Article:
I was invited to speak this week at the World Knowledge Forum in Seoul 
I shared a platform with  four other former European Prime Ministers or Heads of State, Wim Kok of the Netherlands, Jose Maria Aznar of Spain, Christian Wulff of Germany and Esko Aho of Finland.
 We discussed  how the problems of the euro can be resolved, a topic of  passionate interest to Koreans, who rely heavily on  Europe as a market for their exports.
Jose Maria Aznar said that the future of the EU and the future of the euro are interlinked. If the euro failed, so too would the EU itself. He is right. If the euro broke up there would be trade wars and competitive devaluations within the EU, which would destroy 60 years work.
I argued that five things were needed for the euro to survive , and confidence to be restored
a substantial further write off of Greece’s debt
an effective firewall against contagion
a new robust system to govern economic policy in the eurozone
a downsizing and recapitalization of  Europe’s banking system,  within a banking union with mutual deposit guarantees
policies to increase growth through targeted investment
I said I believed we were making substantial progress on the first four, but none yet on growth.
The Forum heard from many distinguished economists, who also offered their prescriptions for the euro. 
Paul Krugman said the ECB should act as a lender of last resort, and explicitly say that it would accept a higher inflation rate. It is interesting to note that inflation has been lower in Germany under  the ECB and the euro, that it  was when the Bundesbank was in charge of the deutschmark  prior to the launch of the euro. I think he is right on this point.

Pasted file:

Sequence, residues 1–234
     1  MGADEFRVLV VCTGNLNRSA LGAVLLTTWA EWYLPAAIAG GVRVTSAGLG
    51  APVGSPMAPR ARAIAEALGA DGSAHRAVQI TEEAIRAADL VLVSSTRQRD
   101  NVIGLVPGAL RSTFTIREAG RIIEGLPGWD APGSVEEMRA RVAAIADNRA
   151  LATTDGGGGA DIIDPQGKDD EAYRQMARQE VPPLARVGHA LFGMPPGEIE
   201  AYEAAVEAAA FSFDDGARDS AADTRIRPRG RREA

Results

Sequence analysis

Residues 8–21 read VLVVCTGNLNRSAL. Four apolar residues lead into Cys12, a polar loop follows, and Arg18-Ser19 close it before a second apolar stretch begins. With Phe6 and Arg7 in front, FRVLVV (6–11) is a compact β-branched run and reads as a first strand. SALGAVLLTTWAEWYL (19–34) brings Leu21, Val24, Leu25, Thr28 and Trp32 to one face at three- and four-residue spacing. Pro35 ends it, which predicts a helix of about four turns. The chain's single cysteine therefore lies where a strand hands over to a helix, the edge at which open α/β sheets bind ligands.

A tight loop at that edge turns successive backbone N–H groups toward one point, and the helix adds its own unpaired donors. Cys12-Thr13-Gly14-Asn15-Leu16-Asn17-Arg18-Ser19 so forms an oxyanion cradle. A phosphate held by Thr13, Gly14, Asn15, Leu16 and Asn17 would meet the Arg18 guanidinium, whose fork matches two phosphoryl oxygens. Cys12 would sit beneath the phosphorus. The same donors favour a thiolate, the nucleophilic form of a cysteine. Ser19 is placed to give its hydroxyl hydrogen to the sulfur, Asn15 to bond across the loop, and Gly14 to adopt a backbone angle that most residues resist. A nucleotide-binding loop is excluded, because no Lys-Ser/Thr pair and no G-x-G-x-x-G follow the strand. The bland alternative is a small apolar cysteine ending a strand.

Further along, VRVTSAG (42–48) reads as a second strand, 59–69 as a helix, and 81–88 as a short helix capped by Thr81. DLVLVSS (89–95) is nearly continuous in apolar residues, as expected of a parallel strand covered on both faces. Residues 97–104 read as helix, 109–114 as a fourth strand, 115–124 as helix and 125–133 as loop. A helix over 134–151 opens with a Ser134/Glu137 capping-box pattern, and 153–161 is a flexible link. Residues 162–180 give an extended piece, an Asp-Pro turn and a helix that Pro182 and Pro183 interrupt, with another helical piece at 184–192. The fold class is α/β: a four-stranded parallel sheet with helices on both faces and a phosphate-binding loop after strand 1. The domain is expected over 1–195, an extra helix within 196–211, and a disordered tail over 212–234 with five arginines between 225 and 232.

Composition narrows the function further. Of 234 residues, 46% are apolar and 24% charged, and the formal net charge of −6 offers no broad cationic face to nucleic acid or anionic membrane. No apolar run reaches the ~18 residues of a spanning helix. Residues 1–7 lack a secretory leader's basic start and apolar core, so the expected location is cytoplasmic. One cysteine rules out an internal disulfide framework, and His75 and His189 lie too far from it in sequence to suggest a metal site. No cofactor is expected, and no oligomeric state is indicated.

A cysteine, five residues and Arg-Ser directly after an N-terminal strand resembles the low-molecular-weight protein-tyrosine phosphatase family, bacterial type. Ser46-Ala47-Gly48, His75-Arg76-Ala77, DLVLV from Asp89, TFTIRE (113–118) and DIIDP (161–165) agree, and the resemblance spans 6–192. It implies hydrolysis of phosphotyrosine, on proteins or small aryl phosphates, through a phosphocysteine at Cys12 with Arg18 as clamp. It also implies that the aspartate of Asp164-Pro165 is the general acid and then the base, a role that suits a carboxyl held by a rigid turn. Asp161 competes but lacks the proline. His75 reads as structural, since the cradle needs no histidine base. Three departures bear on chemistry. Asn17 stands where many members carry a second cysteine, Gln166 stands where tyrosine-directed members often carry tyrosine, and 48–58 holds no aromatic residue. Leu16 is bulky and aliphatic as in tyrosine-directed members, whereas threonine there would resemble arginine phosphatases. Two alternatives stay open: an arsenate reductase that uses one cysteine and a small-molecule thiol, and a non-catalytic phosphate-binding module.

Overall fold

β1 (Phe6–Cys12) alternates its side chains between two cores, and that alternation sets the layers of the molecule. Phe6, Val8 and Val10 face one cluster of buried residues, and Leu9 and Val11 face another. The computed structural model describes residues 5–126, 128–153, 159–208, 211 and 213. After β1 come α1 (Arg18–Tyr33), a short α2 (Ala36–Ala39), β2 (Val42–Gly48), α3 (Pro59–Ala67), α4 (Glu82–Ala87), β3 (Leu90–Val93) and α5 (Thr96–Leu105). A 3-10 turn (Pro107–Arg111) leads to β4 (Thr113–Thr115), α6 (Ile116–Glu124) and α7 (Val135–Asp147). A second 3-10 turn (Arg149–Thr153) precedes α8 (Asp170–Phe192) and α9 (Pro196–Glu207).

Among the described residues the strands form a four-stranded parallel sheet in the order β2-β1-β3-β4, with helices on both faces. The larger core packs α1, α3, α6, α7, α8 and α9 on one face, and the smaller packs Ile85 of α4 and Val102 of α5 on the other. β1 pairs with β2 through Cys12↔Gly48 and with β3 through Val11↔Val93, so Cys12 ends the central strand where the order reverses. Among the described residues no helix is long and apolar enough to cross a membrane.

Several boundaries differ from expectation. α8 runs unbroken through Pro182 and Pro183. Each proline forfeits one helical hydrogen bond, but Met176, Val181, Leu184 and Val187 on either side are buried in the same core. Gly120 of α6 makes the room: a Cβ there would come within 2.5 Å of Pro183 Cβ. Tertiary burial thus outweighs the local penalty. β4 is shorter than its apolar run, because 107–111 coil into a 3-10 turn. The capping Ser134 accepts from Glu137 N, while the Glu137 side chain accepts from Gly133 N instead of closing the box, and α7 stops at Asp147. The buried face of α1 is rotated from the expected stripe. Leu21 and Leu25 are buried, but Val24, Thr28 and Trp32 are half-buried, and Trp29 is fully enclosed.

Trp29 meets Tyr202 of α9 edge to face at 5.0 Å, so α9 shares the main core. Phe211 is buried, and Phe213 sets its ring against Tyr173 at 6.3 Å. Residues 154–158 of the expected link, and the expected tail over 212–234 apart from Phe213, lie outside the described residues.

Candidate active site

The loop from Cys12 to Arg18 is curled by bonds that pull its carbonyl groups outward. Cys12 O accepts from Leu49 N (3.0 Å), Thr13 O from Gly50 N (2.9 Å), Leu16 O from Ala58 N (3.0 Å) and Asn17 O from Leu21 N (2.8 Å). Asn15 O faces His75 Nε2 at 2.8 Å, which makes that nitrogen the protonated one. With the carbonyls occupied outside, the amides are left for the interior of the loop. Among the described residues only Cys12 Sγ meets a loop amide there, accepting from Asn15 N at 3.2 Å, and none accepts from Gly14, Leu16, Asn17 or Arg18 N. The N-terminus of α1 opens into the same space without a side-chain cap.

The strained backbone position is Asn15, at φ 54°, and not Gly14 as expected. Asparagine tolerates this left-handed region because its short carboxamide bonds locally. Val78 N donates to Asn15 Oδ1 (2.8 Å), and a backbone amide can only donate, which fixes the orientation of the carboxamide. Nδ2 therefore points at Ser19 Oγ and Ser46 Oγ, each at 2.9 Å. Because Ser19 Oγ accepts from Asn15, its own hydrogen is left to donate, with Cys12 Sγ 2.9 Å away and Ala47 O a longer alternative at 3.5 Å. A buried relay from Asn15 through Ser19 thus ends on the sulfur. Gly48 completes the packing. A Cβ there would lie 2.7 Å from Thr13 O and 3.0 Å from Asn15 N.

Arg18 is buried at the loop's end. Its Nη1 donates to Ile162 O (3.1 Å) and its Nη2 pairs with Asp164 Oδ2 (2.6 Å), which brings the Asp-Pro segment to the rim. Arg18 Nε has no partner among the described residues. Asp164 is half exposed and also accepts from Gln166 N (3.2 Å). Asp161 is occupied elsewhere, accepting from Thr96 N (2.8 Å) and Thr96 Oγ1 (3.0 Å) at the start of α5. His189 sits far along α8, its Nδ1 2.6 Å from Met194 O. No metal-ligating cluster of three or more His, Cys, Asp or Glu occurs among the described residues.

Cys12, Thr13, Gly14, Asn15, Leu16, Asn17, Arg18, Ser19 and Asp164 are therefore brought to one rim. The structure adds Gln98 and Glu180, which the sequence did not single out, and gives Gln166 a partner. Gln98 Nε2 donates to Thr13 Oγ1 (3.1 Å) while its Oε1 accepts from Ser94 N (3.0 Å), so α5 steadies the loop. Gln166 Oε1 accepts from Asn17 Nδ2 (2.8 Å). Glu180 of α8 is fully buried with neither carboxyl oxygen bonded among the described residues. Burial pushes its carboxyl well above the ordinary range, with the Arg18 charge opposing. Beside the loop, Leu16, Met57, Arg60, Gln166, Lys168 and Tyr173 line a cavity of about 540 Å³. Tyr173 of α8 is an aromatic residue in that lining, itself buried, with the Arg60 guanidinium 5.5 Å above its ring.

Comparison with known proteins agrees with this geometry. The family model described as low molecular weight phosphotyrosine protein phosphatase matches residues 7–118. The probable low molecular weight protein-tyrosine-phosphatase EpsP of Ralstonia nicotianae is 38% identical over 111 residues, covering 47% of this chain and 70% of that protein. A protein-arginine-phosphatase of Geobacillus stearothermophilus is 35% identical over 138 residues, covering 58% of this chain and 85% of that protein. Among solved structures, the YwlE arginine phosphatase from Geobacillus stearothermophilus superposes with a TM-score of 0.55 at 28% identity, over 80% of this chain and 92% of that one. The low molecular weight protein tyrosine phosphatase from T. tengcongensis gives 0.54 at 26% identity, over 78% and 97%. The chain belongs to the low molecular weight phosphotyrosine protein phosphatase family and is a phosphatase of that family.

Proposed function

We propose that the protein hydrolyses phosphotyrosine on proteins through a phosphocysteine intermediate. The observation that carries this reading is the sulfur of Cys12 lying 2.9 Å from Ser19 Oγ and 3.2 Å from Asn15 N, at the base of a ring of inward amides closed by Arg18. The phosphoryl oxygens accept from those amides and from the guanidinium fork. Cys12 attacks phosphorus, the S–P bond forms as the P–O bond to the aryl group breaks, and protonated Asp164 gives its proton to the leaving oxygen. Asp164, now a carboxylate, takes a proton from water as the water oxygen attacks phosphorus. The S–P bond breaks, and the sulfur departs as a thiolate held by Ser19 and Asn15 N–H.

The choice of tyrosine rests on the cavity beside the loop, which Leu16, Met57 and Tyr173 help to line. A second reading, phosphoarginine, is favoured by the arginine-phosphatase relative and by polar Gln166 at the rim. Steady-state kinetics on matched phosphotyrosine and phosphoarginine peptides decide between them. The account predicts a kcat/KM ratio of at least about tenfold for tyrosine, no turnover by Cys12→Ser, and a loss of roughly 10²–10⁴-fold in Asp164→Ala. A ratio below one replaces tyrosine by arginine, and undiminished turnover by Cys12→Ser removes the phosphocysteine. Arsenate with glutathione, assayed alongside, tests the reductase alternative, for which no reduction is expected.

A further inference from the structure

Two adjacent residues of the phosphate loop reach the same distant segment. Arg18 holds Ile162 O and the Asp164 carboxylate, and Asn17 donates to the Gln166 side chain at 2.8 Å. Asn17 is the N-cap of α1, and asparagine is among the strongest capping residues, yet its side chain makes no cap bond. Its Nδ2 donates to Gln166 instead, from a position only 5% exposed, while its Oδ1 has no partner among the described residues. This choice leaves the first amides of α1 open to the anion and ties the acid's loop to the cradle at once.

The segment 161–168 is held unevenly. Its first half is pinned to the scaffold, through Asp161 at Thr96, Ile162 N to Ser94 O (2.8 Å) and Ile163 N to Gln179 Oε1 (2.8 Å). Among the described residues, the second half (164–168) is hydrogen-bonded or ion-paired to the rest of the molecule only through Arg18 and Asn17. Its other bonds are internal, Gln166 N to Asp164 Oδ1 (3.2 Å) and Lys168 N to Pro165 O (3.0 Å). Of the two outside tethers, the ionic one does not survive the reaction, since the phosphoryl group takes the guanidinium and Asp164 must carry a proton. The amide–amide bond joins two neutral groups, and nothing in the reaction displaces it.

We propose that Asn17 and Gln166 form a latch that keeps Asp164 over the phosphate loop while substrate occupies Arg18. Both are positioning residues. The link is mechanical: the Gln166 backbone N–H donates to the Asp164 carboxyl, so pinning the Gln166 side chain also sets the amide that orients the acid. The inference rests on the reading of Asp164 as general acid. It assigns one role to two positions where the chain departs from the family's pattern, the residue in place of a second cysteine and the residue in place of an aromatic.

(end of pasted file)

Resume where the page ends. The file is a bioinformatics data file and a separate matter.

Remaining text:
Nouriel Roubini said the euro should be devalued to parity with the dollar.  This would give countries like Greece, Italy and Spain a chance to regain lost competitiveness. It is worth noting that when the euro was first launched it had a lower value than the dollar. While structural reforms and austerity could eventually deliver a similar improvement in competitiveness, he felt it would take far too long. I would argue that the experience of Latvia, Estonia and Lithuania would suggest the contrary. They cut dramatically, without devaluing, and have returned to rapid growth.
Martin Wolf said that the problem in both the EU and the US was that monetary easing by the central banks was not leading to more credit being issued. The money was out there, but it was not being passed around, because of a loss of confidence. He is right. The EU needs to act quickly to give people the confidence to start lending to one another again, even if  some loose ends remained. But that is difficult when every country has a different agenda, and there is no common European public opinion, and no venue, like an EU Presidential election, in which to create one.
Dominique Strauss Kahn said that there was a good agenda agreed of the things that needed to be done. The problem was the ability of the 27 Governments of the EU, and of the EU institutions, to do the these things quickly enough. 
He said the crisis had brought windfall gains, in the form of artificially low borrowing costs, to some counties, and that these countries should pass these gains over to countries that were having to pay artificially high rates.   He explained that the crisis of confidence had meant that  that there had been a flight of money into safe assets like German Government bonds. This meant that Germany and a few other “safe” countries were borrowing at unnecessarily low rates of interest. He suggested that this windfall gain should be transferred as an interest subsidy to other euro zone countries that were borrowing at unduly high rates of interest.
He felt that this would be politically easier to bring about than would any mutualisation of debts already incurred or Eurobonds, because  it could be withdrawn if circumstances changed. 
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